From today's Boston Globe:  The dearth of PCPs as newly insured folks in MA have tried to find them has been frustrating to many.

The new Massachusetts law alluded to in the Globe article takes some baby steps towards ameliorating this issue on the supply side. The problem, of course, is not limited to Massachusetts, as the tiny percentage of med school grads interested in pursuing a career in primary care demonstrates. But we have a looming crisis of medical homes with nobody home (remember when your G.P. was your medical home?), brought on by a persistent resistance to paying primary care physicians equitably (thanks to a reimbursement system controlled by proceduralists). Some would say that more would choose careers in primary care if their quality of life / quality of practice were improved, as if that were divorced from level of compensation. PCPs inundated with paperwork and low reimbursement rates end up seeing more patients to compensate for low reimbursement, but that just yields more paperwork; a vicious cycle. If as a society we valued PCPs more (and showed it, through more appropriate reimbursement rates) then perhaps crises of access such as that seen in today's headlines would not exist.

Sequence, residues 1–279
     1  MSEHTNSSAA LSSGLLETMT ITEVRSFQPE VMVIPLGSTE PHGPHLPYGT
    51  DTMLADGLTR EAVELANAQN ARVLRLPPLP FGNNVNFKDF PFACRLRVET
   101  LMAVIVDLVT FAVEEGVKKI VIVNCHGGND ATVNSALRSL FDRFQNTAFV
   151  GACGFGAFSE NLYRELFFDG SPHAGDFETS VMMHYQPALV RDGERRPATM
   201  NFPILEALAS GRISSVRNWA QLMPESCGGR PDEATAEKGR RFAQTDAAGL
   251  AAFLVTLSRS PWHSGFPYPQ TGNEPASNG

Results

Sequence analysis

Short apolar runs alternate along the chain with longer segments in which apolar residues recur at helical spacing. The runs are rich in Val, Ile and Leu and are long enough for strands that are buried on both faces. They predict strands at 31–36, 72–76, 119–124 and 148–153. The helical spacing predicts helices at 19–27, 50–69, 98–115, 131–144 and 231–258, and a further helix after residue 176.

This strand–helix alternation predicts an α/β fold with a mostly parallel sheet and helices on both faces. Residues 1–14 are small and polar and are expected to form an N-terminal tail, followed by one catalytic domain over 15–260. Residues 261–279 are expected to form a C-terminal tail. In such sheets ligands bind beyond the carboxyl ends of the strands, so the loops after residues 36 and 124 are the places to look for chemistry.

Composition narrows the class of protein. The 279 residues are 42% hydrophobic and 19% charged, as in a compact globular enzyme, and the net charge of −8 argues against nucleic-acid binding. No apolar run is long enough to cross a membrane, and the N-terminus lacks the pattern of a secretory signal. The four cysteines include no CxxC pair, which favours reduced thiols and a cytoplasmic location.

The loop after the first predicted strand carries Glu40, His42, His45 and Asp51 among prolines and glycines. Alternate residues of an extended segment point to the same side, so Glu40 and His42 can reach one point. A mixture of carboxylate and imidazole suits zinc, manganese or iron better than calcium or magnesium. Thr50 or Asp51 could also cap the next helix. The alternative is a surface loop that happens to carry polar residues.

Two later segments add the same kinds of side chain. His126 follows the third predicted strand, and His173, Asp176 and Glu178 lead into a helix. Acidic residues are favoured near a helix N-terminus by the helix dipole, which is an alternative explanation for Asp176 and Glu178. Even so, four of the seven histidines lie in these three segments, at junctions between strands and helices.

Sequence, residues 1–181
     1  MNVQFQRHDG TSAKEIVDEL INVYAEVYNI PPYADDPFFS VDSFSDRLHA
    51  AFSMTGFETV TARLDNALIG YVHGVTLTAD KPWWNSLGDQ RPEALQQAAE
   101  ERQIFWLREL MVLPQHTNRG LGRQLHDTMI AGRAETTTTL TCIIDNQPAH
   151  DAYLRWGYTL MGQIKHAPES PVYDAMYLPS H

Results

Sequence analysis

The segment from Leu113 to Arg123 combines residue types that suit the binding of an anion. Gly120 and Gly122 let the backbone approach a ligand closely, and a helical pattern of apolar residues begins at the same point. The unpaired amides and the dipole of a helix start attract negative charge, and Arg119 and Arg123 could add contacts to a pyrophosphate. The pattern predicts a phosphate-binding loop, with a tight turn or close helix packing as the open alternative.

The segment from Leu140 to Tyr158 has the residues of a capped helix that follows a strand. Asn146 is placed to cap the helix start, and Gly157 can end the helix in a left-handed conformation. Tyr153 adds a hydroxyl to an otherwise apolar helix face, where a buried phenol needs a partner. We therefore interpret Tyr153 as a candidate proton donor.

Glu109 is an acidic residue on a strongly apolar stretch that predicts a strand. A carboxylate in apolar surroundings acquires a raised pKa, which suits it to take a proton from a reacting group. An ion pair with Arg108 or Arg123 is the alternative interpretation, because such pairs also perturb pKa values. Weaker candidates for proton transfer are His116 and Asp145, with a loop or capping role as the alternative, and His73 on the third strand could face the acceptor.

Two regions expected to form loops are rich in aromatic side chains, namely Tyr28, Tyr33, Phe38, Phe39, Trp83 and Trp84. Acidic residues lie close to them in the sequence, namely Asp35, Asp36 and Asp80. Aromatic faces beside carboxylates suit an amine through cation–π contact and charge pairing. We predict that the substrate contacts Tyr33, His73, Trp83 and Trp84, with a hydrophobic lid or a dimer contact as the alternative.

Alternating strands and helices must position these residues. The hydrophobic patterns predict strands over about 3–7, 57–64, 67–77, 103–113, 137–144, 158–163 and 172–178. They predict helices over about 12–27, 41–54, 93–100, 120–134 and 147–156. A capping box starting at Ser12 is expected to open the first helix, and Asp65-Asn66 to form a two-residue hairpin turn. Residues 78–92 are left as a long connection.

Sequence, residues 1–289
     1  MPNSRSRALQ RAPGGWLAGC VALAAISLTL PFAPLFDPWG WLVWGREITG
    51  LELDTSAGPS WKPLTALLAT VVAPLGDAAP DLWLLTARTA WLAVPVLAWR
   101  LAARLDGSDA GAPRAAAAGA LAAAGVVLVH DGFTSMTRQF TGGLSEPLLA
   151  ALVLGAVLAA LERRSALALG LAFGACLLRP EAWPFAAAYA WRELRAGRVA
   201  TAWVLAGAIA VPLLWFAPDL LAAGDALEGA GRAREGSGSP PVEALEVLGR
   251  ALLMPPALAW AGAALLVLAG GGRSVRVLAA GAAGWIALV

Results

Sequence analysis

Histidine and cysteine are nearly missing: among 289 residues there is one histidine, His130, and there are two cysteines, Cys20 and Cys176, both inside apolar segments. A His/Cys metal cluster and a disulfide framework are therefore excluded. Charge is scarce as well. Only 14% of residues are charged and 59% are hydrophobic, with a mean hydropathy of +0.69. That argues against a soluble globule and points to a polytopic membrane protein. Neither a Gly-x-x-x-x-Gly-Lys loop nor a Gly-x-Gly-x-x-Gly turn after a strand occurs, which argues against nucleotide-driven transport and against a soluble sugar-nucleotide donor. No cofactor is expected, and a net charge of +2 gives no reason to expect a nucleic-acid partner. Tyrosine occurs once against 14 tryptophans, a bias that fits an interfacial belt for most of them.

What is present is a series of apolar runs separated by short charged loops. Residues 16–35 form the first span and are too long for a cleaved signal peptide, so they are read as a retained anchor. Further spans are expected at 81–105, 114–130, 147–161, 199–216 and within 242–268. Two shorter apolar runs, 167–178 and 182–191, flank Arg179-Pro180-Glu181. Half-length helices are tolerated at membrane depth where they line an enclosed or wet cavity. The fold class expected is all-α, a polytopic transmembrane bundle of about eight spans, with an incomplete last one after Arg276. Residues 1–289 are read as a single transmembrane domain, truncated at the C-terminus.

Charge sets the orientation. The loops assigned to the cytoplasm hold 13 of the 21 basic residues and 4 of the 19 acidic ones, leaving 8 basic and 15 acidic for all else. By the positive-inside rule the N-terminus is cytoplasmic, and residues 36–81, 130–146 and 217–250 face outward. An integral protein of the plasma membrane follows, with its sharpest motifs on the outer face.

David Harlow
The Harlow Group LLC
Health Care Law and Consulting